MONCTON – The lack of public transportation to some of the province’s most well-known tourist sites is frustrating some travellers.
Bennet Bruens, 24, is a traveller from Germany. He’s trying to see as much of Canada as possible over the next six months.
“I arrived in Canada last week,” he said. “I arrived in Halifax, spending a week there and then moved on to Moncton.”
Bruens plans to travel around by bus, train or rideshare, a program that lets travellers connect online to share rides between cities, because he doesn’t have a car.
But in New Brunswick, Bruens has found it hard to see tourist hot spots like Hopewell Rocks.
“I sure want to, but I have not seen any buses or trains or something like this,” he said. “I feel like back in Germany, it’s quite usual to just get in a train or bus.”
Nikolas Robichaud says the lack of public transportation is one of the biggest complains he hears from travellers. He manages Moncton’s Youth Hostel, C’Mon Inn.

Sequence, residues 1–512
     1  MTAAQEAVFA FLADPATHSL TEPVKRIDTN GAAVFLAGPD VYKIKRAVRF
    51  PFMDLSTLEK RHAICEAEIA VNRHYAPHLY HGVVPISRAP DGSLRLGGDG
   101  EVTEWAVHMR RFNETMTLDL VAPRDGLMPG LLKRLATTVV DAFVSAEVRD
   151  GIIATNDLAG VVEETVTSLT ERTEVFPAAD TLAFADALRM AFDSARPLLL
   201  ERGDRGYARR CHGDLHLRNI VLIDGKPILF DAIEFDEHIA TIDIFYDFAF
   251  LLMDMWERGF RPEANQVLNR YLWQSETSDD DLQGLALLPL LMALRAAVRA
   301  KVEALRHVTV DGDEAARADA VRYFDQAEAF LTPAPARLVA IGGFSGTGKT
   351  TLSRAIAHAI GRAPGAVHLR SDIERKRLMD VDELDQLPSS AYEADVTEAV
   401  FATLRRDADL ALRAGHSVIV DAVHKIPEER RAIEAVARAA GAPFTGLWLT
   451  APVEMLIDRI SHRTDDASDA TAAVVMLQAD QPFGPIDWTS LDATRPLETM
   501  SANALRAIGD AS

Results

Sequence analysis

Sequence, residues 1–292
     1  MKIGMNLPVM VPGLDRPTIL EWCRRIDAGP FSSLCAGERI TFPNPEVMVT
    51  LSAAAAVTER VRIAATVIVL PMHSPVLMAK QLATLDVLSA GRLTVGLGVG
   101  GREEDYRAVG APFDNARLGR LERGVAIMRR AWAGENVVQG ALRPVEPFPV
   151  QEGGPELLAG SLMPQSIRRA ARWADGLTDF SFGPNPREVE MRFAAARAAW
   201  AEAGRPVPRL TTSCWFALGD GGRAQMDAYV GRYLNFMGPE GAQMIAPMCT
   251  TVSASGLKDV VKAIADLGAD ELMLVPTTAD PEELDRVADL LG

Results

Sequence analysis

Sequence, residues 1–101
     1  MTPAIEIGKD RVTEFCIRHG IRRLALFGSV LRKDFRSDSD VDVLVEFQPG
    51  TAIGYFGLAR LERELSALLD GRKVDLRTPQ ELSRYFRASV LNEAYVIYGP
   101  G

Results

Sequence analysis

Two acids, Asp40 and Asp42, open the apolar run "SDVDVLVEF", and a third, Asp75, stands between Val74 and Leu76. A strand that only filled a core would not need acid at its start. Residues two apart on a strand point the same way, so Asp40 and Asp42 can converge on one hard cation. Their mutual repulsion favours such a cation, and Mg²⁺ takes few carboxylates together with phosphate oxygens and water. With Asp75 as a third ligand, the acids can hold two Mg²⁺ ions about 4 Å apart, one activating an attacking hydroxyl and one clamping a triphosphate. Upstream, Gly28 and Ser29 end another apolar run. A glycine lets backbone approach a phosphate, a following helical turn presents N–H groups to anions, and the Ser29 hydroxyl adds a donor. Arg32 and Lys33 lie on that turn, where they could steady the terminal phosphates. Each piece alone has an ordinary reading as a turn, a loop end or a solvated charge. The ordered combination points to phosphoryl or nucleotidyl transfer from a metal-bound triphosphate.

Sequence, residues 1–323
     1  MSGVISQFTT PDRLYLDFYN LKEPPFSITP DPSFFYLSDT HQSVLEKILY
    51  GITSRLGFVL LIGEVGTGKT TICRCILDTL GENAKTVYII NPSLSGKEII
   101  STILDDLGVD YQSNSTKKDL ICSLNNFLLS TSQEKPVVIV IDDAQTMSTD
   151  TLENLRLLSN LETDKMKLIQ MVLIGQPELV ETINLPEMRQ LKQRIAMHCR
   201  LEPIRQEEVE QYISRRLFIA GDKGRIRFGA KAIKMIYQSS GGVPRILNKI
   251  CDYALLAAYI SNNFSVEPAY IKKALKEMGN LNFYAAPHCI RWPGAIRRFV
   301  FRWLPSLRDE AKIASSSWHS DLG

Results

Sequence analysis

“A lot of times, they’ll either have to rent a car or if they talk among themselves – if one of the guests actually has a car – they’ll carpool there,” Robichaud said, adding that Moncton is the hub for travellers between Nova Scotia, P.E.I. and Quebec.
Tourism made up 2.4 per cent of the GDP in 2012 and much of that tourism comes from people wanting to experience the province’s natural beauty.
Greg Estabrooks, the chair of the City of Moncton Taxi Committee said there is another option that people may not know about.
“We do do flat-rates to places like Hopewell Rocks, which is just under $60,” he said, adding that drivers would be more than happy to do these kinds of trips. He said the price is the same whether there is one person in the cab or whether they order a van with six people.
“There’s a saying in the cab industry, when your wheels are turning and somebody’s in the vehicle, you’re making money,” he said.